Monday, July 27, 2009

Thomas Aquinas, James Kidd, and the Attributes of God

Catholic philosopher, James Kidd, has written a fascinating and accessible article on the existence of God, published in This Rock magazine. You can read the article for yourself here: A Proof of the Existence of God. I've summarized my take on the argument below.

First of all, Kidd begins by offering a somewhat Cartesian proof of the existence of the self. Cogito, ergo sum, or "I think, therefore I am" is Descartes' oft-cited maxim. I cannot doubt my own existence without first existing.

Nevertheless, we can conceive of a state of affairs in which we do not exist. This means that in order to exist, we must possess the attribute of esse ("existence" or "being"). Another expedient example is the conception of an acorn (Kidd uses the example of a chicken egg). The difference between a real acorn and a merely imaginary one is not based on any distinction in their "acorn-ness", but simply that the former possesses esse. A real acorn exists, whereas an imaginary acorn does not.

Now, an acorn (as with any changing entity) is composed of actuality and potentiality. It is easiest to explain these terms by connotation: an acorn is an acorn in actuality, but in potentiality it is an oak tree. It is important to note that potentiality is not a thing in and of itself, but that it is a privation (an "absence" or "lack of") actuality. As Kidd points out, "a thing considered in itself contains nothing but its fullness." The nature of an oak tree, considered in itself, possesses the quality of being an oak tree, and does not possess the lack of being an oak tree.

We can now reflect on what this implies about esse (from here on, I'll refer to esse as "being"). Since every existing thing possesses being, it must be the case that being is actual. But, being cannot be composed of any potentiality, since that would require the lack of being. Hence, being itself is pure actuality.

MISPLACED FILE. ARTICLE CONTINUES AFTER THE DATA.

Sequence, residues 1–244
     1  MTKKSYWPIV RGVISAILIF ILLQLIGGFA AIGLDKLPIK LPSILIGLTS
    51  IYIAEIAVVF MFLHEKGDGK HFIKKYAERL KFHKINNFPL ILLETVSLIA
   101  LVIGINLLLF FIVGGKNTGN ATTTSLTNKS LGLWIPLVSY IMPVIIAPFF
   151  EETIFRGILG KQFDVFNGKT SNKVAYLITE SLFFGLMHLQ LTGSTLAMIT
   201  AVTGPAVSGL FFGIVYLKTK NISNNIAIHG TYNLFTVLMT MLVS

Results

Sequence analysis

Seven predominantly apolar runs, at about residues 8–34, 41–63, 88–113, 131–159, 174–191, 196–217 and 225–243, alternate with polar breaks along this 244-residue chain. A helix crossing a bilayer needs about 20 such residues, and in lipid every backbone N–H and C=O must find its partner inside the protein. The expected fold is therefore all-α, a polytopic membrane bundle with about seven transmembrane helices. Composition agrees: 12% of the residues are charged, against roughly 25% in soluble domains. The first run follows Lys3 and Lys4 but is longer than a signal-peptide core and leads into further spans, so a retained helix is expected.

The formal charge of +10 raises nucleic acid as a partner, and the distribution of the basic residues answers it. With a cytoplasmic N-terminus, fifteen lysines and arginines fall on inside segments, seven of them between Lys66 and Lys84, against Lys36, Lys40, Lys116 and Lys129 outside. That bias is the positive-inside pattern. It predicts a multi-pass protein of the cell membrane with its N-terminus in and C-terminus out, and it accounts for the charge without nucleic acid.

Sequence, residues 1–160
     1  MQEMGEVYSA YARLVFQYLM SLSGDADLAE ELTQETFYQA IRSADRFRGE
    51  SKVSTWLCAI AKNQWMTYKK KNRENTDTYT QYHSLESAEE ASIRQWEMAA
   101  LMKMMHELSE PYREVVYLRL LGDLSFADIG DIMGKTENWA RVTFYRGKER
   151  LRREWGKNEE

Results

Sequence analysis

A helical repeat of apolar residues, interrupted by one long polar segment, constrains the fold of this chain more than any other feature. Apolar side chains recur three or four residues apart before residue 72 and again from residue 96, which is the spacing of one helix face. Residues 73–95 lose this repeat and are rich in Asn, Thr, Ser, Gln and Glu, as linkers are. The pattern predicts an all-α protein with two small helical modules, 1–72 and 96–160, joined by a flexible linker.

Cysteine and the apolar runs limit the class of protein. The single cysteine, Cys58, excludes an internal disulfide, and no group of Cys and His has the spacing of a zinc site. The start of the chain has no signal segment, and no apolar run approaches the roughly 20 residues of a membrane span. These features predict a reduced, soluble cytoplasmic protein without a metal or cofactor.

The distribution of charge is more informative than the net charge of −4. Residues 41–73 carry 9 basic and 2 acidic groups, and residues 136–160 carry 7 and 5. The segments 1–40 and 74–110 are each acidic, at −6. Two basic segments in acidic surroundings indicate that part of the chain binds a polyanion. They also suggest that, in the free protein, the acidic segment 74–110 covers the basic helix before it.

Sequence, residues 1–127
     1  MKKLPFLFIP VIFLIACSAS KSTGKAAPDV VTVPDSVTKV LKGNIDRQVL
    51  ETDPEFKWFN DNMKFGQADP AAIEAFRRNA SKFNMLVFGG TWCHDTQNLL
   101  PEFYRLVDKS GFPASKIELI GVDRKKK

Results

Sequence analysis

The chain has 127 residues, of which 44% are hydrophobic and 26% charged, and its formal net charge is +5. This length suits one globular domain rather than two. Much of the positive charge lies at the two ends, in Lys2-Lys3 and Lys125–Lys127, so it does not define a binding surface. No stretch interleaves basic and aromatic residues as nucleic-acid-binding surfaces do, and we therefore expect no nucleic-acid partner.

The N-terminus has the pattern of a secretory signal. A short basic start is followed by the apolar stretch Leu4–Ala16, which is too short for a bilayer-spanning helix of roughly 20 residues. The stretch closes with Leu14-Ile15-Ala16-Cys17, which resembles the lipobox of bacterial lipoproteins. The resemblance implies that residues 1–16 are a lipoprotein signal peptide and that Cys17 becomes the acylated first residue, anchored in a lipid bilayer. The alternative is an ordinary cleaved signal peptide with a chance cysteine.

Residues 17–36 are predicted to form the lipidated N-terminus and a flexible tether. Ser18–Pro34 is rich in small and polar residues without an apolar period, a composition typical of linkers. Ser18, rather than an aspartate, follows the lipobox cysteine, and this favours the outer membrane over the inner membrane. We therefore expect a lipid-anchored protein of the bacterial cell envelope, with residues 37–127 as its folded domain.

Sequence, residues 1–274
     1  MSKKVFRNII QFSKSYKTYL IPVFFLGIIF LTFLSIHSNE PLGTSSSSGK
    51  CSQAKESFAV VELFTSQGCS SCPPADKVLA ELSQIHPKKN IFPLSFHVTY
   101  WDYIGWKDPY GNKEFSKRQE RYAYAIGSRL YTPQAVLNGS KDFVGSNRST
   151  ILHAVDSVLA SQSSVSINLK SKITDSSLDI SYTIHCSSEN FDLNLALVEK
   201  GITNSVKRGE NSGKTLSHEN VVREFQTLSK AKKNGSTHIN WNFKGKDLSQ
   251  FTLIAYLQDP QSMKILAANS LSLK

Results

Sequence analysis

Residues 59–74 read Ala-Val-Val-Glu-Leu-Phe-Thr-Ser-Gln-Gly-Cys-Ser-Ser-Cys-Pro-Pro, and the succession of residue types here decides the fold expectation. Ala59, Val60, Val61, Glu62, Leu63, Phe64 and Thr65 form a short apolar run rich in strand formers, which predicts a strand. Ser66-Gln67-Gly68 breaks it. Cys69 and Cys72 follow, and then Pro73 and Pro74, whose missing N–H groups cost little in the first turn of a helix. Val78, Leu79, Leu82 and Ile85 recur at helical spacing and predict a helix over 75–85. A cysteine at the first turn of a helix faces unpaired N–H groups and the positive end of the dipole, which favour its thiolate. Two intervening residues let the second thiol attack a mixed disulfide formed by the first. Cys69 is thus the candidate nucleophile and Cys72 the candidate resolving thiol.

Now we can move on to consider the attributes of pure actuality (Pure Act). Since Pure Act exists essentially, it cannot not-be - that is, it has necessary existence. Moreover, Pure Act must be distinct from everything else. The reason why is that Pure Act contains only actuality, whereas other things are composed of actuality and potentiality. Yet, if something is true of one thing and not of another, the two must be distinct. Therefore, Pure Act is distinct from other entities.

Immutability and Eternality

In order to change, a thing must first have the potentiality to change. Yet, Pure Act is not composed of any potentiality. Therefore, Pure Act is changeless. Further, whatever comes into being or goes out of being in time must have the potentiality to do so. As a result, we can soundly conclude that Pure Act exists at all times, and is therefore eternal.


If there were more than one Pure Act, then there would be distinctions between them. But, distinctions entail limitations, and limitations entail potentiality. However, it has been demonstrated that Pure Act is not composed of potentiality, so it must be one.


Everywhere that something exists, the entity in consideration must have being. As we saw above, however, every entity's existence is dependent on Pure Act. If Pure Act were not present somewhere, then nothing would exist there. Hence, Pure Act exists everywhere, e.g. it is omnipresent.

Omnipotence and Omniscience

Every entity that possesses some power and some knowledge is only partly actual. Human beings, for example, have some power and some knowledge, but we are limited in our power and knowledge. From this, we can infer that Pure Act must possess all power and all knowledge. Pure actuality is nothing less than the fullness of what potentiality may attain to.

By way of conclusion, we have seen that a single, changeless, eternal, omnipresent, omnipotent and omniscient being exists. This, as the Angelic Doctor muses, is what everyone understands to be God.

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